by Sarah Stankorb

Carolyn Kercsmar, MD.

Carolyn Kercsmar, MD, directs the Asthma Center at Cincinnati Children’s.

Of the 36,000 children with asthma in Hamilton County, more than 4,700 are students in the Cincinnati Public Schools (CPS).

The number reflects the high rates of asthma common to urban populations. Most of the school district’s students are African American, who have a 60 percent higher asthma prevalence than the overall population. Many live in high-risk neighborhoods where poverty, lack of transportation to healthcare, chaotic housing, and low health literacy among parents all combine to make it hard to keep asthma under control.

These are the children who feel an alarming but all-too-familiar tightness when a smoker lights up in the apartment, who risk having an exacerbation during football practice, who go without medication when their inhaler runs out and no one at home has the time or resources to pick up a new one.

These are the children who miss too much school because of their poorly controlled asthma. So this is where Cincinnati Children’s, through its Asthma Population Health Initiative, wants to help create an “asthma-free school.” It might sound like a near-impossible dream, but this is exactly where the expertise of one of the nation’s top asthma centers is needed the most.

The mission is to test and change the system, says Carolyn Kercsmar, MD, Director of the Asthma Center at Cincinnati Children’s, to see if it is possible to create a school environment where students with asthma are “free from exacerbations.” Success would mean “students would be free from the need to miss school due to asthma. They would have good asthma control,” she says. “Our goal was to put resources in schools to make that happen.”

PILOT PROJECT TAKES OFF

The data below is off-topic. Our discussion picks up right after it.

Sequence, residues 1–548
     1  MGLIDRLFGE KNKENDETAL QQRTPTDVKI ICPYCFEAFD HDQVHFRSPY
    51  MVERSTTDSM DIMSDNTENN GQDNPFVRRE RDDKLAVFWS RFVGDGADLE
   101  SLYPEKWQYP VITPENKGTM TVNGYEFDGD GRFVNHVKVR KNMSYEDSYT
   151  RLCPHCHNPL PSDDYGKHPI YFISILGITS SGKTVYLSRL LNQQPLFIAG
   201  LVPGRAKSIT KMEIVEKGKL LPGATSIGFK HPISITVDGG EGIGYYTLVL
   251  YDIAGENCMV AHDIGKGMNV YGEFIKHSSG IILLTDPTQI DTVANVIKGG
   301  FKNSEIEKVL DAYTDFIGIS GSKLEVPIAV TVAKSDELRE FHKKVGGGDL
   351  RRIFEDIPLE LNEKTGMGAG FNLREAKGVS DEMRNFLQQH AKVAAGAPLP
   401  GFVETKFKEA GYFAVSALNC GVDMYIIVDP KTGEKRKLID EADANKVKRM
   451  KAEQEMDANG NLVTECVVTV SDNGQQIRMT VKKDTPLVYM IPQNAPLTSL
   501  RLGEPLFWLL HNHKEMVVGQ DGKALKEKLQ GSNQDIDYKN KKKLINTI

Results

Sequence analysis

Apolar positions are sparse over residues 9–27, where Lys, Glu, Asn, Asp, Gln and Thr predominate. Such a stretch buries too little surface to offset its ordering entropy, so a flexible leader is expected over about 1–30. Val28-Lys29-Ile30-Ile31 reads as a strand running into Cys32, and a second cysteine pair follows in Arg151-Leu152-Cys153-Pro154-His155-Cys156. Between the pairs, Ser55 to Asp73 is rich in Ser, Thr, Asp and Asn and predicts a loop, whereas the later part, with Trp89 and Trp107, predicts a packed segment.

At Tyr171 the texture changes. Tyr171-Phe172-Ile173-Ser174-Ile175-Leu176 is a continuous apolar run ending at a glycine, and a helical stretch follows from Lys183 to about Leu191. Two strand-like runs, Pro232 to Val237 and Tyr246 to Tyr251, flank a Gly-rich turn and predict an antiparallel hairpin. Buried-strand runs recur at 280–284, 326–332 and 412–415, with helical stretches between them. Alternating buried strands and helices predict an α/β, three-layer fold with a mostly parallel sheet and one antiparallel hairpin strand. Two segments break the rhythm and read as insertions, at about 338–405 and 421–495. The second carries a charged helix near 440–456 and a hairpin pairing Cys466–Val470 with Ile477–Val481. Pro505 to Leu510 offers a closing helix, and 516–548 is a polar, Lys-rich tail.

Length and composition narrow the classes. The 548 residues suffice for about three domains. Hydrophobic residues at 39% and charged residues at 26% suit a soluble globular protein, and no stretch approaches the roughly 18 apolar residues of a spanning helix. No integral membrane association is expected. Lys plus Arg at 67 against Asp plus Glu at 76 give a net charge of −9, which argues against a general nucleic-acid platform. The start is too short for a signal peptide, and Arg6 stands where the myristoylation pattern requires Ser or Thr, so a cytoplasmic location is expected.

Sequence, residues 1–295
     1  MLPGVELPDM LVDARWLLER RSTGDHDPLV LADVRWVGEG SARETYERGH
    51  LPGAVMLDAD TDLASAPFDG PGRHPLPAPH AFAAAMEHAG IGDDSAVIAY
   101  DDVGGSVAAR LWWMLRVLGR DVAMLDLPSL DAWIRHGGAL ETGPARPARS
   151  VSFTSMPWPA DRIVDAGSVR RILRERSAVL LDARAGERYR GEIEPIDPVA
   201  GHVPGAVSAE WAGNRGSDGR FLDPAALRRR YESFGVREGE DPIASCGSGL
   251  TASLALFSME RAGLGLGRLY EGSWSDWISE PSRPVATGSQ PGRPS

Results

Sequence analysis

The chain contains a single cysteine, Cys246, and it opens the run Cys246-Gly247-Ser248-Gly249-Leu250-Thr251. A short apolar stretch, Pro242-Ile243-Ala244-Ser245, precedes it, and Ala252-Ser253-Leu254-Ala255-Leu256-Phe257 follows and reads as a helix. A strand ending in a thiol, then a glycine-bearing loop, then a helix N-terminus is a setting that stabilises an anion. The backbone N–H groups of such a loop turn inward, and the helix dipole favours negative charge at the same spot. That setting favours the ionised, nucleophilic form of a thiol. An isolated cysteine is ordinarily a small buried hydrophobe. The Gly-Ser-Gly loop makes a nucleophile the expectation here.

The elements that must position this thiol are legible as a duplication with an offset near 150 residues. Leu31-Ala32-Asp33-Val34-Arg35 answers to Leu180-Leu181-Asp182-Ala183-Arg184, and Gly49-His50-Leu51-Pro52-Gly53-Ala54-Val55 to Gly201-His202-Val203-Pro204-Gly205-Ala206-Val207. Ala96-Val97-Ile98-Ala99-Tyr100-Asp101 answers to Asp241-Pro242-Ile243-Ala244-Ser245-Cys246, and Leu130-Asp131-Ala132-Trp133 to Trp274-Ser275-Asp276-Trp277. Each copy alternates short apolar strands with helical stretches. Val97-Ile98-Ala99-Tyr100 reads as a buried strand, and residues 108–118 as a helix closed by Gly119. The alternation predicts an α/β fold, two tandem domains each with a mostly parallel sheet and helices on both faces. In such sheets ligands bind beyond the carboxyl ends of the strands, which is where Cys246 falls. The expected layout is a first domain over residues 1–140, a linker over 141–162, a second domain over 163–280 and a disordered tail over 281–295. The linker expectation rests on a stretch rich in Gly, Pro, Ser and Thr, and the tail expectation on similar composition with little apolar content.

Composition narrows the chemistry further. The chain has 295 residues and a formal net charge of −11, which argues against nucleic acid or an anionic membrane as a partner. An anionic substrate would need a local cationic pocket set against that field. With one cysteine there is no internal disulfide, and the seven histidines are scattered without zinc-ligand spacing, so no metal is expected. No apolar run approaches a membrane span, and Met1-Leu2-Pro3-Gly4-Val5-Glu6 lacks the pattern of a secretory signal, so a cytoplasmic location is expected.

Beginning in spring 2015, the asthma population health team began piloting a $300,000 asthma-free schools program at Oyler School in Price Hill and South Avondale School, both of which have well-established school-based health centers. The program includes support from Cincinnati Children’s James M. Anderson Center for Health Systems Excellence, the Luther Foundation and the Verizon Foundation.

High-risk students and those who frequently miss school due to asthma are invited into a program in which daily controller medication can be administered at school, supervised by the school nurse or health assistant. Students, school staff and parents will take part in asthma education and training, which will include public service videos produced by Cincinnati students.

An inhaler cap sensor and mobile software management program called Propeller Health will provide school nurses and primary care physicians with real-time feedback of medication adherence and symptom reporting. Cincinnati Children’s also will provide telehealth visits with asthma specialists for students who don’t have a medical home or need a specialist consult.

Making these schools “asthma-free” will mean zero asthma-related absences — except perhaps for the most severe cases who have no optimal treatment options. The program will be able to document that students’ asthma was well controlled during the school year and that they suffered no severe asthma exacerbations.